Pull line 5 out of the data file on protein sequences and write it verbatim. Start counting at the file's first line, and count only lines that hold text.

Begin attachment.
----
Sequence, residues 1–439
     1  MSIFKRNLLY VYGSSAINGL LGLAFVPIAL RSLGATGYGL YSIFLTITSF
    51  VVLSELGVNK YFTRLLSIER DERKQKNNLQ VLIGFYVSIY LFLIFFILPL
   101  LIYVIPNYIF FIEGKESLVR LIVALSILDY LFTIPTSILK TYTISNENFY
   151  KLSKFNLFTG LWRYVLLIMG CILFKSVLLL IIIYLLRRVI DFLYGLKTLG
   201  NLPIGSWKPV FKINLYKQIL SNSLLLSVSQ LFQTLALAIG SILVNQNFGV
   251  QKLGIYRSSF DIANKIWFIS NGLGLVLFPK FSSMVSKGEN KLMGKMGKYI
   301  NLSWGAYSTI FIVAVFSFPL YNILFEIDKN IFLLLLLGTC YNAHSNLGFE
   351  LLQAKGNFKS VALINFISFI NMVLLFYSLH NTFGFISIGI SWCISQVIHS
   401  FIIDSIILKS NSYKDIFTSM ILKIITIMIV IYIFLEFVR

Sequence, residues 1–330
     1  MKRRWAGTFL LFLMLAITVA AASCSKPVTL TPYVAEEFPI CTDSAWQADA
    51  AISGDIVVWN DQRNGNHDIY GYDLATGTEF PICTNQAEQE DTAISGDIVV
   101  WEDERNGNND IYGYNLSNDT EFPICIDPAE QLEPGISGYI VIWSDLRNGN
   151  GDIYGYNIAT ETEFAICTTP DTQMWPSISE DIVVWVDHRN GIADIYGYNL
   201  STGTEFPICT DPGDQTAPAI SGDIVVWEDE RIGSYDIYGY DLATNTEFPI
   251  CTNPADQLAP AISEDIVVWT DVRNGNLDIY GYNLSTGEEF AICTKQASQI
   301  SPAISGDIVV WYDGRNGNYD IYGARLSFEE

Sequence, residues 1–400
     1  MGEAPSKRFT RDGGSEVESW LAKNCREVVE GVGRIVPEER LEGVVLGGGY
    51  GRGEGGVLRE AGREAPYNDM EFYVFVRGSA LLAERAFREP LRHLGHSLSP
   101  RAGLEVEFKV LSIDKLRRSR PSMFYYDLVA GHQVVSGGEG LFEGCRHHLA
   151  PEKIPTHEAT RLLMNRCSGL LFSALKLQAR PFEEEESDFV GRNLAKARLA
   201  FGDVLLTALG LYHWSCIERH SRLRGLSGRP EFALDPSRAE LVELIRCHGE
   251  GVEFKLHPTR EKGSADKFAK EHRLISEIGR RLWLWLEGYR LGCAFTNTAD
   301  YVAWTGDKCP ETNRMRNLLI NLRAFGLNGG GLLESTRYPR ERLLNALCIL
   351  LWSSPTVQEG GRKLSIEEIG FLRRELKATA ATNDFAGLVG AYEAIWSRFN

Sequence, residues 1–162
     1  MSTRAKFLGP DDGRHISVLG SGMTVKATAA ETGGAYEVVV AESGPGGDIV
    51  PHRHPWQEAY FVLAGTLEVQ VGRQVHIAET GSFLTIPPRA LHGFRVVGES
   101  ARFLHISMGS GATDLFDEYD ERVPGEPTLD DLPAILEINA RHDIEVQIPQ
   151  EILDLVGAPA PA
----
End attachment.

   151  KLSKFNLFTG LWRYVLLIMG CILFKSVLLL IIIYLLRRVI DFLYGLKTLG